How should religious holidays be treated in the classroom?
Teachers must be alert to the distinction between teaching about religious holidays, which is permissible, and celebrating religious holidays, which is not. Recognition of and information about holidays may focus on how and when they are celebrated, their origins, histories and generally agreed-upon meanings. If the approach is objective and sensitive, neither promoting nor inhibiting religion, this study can foster understanding and mutual respect for differences in belief. Teachers may not, however, use the study of religious holidays as an opportunity to proselytize or otherwise inject their personal religious beliefs into the discussion.
The use of religious symbols is permissible as a teaching aid or resource, provided they are used only as examples of cultural or religious heritage. Religious symbols may be displayed only on a temporary basis as part of the academic lesson being studied. Students may choose to create artwork with religious symbols, but teachers should not assign or suggest such creations.
Guest speakers also can help teachers present the appropriate information, but only if they understand their role as informational, not devotional, in nature.
In addition, the use of art, drama, music, or literature with religious themes is permissible if it serves a sound educational goal in the curriculum. Such themes should be included on the basis of their academic or aesthetic value, and not as a vehicle for promoting religious beliefs. For example, sacred music may be sung or played as part of the academic study of music. School concerts that present a variety of selections may include religious music. Concerts should, however, avoid programs dominated by religious music, especially when these coincide with a particular religious holiday.
How should religious objections to holidays be handled?
Students from certain religious traditions may ask to be excused from classroom discussions or activities related to particular holidays. For example, holidays such as Halloween and Valentine’s Day, which are considered by many people to be secular, are viewed by others as having religious overtones.
Excusal requests may be especially common in the elementary grades, where holidays are often marked by parties and similar nonacademic activities. Such requests should be routinely granted in the interest of creating good policy and upholding the religious-liberty principles of the First Amendment.
In addition, some parents and students may make requests for excusals from discussions of certain holidays, even when these holidays are treated from an academic perspective. If these requests are focused on a limited, specific discussion, administrators should grant such requests, in order to strike a balance between the student’s religious freedom and the school’s interest in providing a well-rounded education.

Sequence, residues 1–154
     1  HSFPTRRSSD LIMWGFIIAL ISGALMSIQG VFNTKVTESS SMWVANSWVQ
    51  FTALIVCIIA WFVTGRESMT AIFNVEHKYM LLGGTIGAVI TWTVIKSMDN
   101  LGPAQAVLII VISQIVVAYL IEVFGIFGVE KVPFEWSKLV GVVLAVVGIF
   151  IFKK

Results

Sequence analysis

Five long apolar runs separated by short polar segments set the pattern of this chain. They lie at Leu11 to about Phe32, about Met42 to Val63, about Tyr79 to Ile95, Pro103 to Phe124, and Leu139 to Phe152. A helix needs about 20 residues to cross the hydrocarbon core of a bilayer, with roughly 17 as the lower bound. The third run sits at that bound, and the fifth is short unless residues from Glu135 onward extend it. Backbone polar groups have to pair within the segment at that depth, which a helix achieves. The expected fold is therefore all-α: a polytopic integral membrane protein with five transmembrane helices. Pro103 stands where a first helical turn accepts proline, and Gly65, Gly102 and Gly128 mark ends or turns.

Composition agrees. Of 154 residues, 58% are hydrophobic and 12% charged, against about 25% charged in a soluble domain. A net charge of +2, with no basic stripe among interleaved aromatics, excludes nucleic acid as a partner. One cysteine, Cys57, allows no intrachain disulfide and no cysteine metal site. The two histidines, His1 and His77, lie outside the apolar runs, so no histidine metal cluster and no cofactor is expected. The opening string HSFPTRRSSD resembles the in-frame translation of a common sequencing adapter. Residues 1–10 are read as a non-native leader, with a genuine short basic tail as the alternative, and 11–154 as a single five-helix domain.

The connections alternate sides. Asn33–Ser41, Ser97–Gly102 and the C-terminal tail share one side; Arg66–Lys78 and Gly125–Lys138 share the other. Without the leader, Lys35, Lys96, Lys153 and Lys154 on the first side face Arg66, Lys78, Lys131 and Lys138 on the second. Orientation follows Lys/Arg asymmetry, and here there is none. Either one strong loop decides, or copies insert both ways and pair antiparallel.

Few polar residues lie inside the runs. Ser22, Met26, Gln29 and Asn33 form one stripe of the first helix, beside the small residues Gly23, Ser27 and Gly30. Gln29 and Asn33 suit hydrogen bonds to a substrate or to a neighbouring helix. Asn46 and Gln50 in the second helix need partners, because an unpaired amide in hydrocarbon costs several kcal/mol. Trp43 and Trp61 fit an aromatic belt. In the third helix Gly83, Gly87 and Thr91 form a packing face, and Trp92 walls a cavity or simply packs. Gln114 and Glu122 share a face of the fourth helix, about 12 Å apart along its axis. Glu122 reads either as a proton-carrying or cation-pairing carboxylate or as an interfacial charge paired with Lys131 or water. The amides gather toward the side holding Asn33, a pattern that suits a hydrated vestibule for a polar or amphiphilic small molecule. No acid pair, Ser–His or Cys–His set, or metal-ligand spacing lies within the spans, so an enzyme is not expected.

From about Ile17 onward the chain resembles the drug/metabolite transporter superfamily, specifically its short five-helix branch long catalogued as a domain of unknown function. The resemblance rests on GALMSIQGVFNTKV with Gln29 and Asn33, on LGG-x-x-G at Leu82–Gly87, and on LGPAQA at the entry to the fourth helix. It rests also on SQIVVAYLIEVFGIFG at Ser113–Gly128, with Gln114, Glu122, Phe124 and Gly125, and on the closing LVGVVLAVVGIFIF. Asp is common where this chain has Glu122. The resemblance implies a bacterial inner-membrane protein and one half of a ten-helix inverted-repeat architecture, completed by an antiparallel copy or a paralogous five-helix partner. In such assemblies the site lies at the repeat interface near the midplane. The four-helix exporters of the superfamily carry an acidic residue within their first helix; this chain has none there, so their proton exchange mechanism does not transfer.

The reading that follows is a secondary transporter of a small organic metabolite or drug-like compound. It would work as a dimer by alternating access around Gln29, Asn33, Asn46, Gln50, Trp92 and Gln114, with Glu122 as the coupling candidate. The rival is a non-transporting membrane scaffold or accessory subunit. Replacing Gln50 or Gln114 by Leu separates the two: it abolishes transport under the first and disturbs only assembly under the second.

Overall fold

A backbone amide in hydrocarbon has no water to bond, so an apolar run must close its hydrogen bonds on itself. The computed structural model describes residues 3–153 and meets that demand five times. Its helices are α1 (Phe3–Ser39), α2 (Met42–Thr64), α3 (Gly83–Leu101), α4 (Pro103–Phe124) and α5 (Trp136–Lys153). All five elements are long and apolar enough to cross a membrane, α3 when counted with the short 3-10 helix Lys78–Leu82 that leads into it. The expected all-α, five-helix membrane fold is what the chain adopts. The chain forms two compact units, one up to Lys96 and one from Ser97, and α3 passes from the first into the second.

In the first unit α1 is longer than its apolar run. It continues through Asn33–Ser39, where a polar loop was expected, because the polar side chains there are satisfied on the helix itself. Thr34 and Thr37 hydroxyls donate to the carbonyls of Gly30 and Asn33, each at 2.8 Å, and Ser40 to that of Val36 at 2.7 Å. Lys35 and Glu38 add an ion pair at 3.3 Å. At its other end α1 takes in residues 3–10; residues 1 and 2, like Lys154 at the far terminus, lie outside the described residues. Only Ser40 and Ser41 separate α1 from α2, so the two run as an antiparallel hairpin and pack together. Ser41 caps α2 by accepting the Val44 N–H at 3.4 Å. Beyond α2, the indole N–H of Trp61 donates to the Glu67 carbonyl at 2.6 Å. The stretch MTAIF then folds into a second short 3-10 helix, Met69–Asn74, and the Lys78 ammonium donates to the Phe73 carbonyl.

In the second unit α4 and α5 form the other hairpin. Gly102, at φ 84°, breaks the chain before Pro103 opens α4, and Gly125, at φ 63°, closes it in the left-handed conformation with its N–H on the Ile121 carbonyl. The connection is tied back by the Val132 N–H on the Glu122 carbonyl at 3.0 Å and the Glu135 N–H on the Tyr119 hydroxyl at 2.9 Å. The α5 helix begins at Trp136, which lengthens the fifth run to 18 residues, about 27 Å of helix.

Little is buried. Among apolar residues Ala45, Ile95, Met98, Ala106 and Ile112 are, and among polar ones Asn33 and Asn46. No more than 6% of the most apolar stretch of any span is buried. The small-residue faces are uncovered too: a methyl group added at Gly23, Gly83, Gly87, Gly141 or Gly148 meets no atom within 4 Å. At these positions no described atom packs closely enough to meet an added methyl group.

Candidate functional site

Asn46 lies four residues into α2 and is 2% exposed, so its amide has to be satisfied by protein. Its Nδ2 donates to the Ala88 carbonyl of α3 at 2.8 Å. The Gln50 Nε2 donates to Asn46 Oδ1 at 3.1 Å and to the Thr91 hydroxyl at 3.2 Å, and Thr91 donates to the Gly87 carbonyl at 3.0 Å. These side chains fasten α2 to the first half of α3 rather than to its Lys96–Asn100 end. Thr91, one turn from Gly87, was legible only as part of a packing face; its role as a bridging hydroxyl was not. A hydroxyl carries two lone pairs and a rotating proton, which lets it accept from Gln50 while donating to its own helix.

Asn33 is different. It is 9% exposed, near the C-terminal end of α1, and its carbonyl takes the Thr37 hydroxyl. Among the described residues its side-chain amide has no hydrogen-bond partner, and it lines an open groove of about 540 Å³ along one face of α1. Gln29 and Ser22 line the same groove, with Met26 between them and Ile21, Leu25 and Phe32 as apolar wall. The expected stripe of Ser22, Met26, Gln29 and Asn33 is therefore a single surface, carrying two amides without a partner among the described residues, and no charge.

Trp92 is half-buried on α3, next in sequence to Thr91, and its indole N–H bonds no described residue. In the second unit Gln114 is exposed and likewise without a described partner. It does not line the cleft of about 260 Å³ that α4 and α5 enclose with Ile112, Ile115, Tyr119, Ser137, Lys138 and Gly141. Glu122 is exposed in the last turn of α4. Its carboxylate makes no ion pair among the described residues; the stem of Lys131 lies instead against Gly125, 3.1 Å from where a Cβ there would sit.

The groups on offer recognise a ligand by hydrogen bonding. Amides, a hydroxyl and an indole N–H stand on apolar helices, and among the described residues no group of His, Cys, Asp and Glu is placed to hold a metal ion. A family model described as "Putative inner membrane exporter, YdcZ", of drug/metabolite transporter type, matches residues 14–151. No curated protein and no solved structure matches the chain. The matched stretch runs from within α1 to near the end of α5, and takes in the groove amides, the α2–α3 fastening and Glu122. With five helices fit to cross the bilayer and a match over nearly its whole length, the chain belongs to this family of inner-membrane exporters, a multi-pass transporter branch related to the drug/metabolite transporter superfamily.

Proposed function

Administrators and teachers should understand, however, that a policy or practice of excusing students from a specific activity or discussion may not be used as a rationale for school sponsorship of religious celebration or worship for the remaining students.
May students be absent for religious holidays?
Schools should have policies concerning absences that take into account the religious needs and requirements of students. Students should be allowed a reasonable number of excused absences, without penalties, to observe religious holidays within their traditions. Students may be asked to complete makeup assignments or tests in conjunction with such absences.
What should schools do in December?
Decisions about what to do in December should begin with the understanding that public schools may not sponsor religious devotions or celebrations; study about religious holidays does not extend to religious worship or practice.
Does this mean that all seasonal activities must be banned from the schools? Probably not, and in any event, such an effort would be unrealistic. The resolution would seem to lie in devising holiday programs that serve an educational purpose for all students — programs that make no students feel excluded or forcibly identified with a religion not their own.
Holiday concerts in December may appropriately include music related to Christmas, Hanukkah, and other religious traditions, but religious music should not dominate. Any dramatic productions should emphasize the cultural aspects of the holidays. Conversely, Nativity pageants or plays portraying the Hanukkah miracle would not be appropriate in the public school setting.
Teachers may also teach about religious holidays in the classroom, but they must be alert to the distinction between teaching about such holidays, which is permissible, and celebrating them, which is not. Guest speakers also can help teachers present the appropriate information, but only if they understand their role as informational, not devotional, in nature.
In short, while recognizing the holiday season, none of the school activities in December should have the purpose, or effect, of promoting or inhibiting religion.
At my children’s school around Christmas, outside speakers have come in to teach about Hanukkah and Kwanzaa. Does the school have to give equal time to another speaker who might want to discuss why Christians celebrate Christmas?
The school probably does not have to give equal time for other outside speakers. But if the school is bringing speakers in to discuss holidays in December, it makes educational sense to include Christmas. All outside speakers should follow First Amendment guidelines for teaching about the holidays.